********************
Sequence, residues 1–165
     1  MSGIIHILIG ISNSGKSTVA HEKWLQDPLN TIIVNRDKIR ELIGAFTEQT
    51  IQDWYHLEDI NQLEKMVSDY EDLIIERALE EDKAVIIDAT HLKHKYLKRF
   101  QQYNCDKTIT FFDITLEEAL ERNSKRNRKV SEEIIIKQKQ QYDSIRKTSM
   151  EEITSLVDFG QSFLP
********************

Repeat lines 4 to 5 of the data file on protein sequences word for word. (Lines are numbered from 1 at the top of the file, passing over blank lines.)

   101  QQYNCDKTIT FFDITLEEAL ERNSKRNRKV SEEIIIKQKQ QYDSIRKTSM
   151  EEITSLVDFG QSFLP